David Bourget (Western Ontario)
David Chalmers (ANU, NYU)
Rafael De Clercq
Jack Alan Reynolds
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Journal of Academic Ethics 1 (1):119-130 (2003)
This article argues that investigators doing developmental and social research with children have, for the most part, failed to acknowledge the inherent implications of their work for children's rights. The impact of these studies upon children's rights occurs at every stage; from hypothesis formulation to hypothesis testing to dissemination of findings. This paper addresses the issue in the context of developmental research on children's ability to report experienced events accurately. This particular research area has generated data that has been extrapolated to legal contexts and created a foundation for assumptions about the credibility of child witnesses. This in turn has had profound effects on children's right to be heard and the weight given to their testimony. The argument is made that there is a need for social scientists to explicitly articulate how their work may impact upon children's rights and what is in fact the social agenda in this regard underlying their research.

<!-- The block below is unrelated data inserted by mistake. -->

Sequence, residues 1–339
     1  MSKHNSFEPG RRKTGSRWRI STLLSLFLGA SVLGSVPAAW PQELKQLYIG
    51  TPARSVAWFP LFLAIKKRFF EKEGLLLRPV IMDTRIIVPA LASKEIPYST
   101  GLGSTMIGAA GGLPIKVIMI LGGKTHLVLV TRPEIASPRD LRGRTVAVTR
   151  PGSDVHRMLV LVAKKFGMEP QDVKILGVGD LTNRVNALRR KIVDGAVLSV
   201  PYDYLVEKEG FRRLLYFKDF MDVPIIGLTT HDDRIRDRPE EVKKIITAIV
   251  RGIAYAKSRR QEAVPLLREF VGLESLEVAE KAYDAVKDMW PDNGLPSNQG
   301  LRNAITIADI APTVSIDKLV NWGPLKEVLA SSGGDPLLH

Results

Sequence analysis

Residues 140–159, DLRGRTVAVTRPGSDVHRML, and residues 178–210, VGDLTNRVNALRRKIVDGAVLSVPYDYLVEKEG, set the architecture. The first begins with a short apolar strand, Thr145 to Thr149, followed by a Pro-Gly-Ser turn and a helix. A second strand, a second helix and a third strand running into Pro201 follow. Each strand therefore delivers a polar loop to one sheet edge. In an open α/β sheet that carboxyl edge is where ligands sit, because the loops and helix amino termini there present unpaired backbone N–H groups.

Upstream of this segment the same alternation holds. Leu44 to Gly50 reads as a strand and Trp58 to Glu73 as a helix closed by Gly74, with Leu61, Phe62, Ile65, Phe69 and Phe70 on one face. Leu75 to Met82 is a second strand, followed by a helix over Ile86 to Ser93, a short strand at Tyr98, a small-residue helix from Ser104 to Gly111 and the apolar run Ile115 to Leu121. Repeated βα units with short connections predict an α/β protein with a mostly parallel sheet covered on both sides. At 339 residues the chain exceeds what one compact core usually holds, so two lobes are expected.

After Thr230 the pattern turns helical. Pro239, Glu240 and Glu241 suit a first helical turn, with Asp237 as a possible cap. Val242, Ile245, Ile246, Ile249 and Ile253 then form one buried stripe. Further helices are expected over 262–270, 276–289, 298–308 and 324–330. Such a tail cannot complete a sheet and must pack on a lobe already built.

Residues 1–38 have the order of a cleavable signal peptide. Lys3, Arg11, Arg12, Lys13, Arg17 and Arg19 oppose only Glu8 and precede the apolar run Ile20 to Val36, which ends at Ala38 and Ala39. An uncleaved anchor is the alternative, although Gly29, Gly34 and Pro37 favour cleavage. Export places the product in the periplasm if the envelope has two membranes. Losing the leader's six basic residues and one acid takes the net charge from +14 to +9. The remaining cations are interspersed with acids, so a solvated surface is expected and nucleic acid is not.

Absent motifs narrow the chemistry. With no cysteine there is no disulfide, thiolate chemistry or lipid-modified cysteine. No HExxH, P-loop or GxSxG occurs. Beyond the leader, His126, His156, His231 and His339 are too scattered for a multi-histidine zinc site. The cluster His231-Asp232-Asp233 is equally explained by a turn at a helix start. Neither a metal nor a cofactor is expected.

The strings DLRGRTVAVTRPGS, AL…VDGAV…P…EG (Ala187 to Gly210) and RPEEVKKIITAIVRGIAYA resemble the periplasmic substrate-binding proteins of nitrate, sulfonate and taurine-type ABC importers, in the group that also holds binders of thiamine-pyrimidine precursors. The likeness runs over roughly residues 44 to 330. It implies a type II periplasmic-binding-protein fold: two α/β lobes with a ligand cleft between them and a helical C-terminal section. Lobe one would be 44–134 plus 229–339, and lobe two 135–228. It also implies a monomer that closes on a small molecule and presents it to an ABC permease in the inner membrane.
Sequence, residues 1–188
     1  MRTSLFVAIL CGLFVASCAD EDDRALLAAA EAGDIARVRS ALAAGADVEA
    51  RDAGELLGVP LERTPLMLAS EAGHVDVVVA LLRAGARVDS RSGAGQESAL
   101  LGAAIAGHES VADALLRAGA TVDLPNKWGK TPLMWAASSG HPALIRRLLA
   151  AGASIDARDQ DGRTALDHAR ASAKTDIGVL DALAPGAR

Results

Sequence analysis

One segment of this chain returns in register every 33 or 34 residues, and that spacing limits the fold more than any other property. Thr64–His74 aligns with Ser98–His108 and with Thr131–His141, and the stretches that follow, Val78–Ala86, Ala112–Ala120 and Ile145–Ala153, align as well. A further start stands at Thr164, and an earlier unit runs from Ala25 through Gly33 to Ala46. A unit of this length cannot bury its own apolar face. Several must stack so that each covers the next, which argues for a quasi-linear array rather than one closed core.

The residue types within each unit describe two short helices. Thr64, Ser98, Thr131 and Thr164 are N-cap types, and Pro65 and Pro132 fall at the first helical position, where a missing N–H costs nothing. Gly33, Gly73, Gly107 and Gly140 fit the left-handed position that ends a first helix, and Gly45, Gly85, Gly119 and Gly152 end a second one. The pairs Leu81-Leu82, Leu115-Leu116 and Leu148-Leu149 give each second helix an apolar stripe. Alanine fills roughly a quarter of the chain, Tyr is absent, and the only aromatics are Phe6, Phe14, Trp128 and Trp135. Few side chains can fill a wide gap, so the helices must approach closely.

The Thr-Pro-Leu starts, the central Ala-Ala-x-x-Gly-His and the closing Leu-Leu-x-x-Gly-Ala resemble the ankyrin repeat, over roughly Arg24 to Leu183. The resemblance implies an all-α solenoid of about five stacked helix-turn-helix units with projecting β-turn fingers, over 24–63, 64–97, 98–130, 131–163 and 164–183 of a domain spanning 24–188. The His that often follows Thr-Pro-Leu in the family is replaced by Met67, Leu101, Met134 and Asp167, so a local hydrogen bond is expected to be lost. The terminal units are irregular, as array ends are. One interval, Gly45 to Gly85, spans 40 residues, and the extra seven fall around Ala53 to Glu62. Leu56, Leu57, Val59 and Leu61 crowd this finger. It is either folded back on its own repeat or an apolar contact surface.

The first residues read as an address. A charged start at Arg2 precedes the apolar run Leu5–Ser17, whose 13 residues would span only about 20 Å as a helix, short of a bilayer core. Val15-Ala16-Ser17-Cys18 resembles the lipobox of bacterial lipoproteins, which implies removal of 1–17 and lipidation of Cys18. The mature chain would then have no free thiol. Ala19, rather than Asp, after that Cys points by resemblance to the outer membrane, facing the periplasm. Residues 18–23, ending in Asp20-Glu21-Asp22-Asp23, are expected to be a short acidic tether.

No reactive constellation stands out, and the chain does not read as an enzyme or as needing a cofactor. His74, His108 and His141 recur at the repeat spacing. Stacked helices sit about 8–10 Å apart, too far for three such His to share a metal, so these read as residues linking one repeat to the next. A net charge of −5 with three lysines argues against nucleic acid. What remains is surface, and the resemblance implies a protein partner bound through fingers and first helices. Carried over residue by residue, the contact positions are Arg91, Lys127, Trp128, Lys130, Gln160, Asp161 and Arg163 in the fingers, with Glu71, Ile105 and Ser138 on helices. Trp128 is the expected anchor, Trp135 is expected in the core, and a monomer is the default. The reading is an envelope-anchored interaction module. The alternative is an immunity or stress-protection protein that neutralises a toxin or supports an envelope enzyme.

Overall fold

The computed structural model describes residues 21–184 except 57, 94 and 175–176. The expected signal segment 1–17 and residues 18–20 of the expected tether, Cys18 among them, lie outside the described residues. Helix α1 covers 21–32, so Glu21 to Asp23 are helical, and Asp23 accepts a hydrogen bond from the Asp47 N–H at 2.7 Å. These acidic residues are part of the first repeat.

|Keywords||social research children's rights children's participation rights children's right to be heard credibility of child testimony|
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